They say there are two types of Biffy Clyro fan. Old and new. Before and after. Pre and post.
Like many, my love for Biffy has a watershed in Puzzle.
It’s not so much a judgement on the band as a function of the way my taste has changed – as Biffy Clyro brought their music to an enraptured mainstream I was craving heavier and heavier sounds.
My first exposure to this band was seeing them in a support slot at a venue at Southampton University in 2002, sandwiched between InMe – the flavour of the month at the time – and a surprisingly confrontational alt-rock band, Serafin.
My second was Blackened Sky. Biffy’s full-length debut was released in the spring of 2002 just as my world was perilously poised on a precipice it would soon embrace. It’s funny how albums stick with you after the worst of times.
Blackened Sky is a curious little so-and-so. Quirky and spasmodic, it somehow hinted at everything that later made Biffy Clyro an arena-filling rock band without giving any real indication of the future that was ahead of them.
Now, almost two decades removed, the band’s debut is recognisably Biffy and yet not. Despite its mixed response it remains my favourite work of theirs by some distance.
Right out of the blocks this tremendous album flits from infectious melody to furiously organic noise. Opener ‘Joy.Discovery.Invention’ boasts the first of countless transitions from one to the other; even today I can see Simon Neil stamping on the switch to make it happen out of nowhere.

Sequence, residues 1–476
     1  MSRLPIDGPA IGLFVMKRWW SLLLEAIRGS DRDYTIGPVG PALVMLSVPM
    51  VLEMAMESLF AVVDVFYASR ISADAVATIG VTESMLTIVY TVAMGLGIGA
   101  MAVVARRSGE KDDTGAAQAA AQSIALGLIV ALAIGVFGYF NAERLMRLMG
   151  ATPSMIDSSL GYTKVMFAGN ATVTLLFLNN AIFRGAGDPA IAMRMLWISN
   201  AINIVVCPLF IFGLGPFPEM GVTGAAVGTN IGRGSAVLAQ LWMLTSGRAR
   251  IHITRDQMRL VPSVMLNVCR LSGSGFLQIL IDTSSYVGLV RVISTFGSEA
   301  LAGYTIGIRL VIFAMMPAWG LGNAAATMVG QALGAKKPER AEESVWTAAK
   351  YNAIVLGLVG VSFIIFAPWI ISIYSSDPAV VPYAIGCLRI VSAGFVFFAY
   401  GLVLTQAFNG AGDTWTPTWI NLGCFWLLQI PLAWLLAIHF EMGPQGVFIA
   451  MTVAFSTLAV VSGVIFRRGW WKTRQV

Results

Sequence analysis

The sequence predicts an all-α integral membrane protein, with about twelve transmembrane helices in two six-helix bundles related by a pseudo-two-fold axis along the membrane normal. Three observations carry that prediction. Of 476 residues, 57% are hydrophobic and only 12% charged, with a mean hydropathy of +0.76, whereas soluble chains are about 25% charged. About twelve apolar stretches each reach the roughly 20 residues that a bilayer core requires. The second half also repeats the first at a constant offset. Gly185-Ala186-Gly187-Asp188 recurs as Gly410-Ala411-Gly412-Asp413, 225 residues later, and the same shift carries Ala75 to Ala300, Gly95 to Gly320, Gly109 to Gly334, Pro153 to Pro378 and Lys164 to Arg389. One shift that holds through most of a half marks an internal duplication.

In ’27’ Neil triggers the transition vocally rather than with a pedal and it’s impossible not to get carried away in the emotion of the moment. ‘Justboy’, which followed it as a single just as it does on the album, is a soaring rock classic with a chorus of oceanic proportions.
From its tremendous opening combo this record winds its way through highs and lows, louds and quiets, without ever displaying its seams.
‘The Go-Slow’ is the towering, organically glitchy early Biffy archetype and ‘Convex, Concave’ is a lo-fi but affecting canvas for Neil’s poetic, collapsing lyrics.
’57’ is the last of the album’s single releases. Its outstanding chorus, melodic chops and disarming optimism – musically, if not thematically – are difficult to resist.
This is an album of huge dexterity and bottomless imagination, utterly unlike anything else. Most importantly of all, the songs give as much in quality as they do complexity. Not a shred of Blackened Sky is gratuitous. Great rock tunes rule the day.
It is a special kind of cruel that Biffy’s later success causes Blackened Sky to be overlooked. Heavy without being heavy, smart without being smug, emotionally charged without being mawkish, it’s a stunning debut.
Fans of the band when it came out in 2002 might have been surprised when Biffy Clyro became what they became. But, on the evidence of this first record, none of us were surprised that they became something.
Blackened Sky came out in 2002 on Beggars Banquet.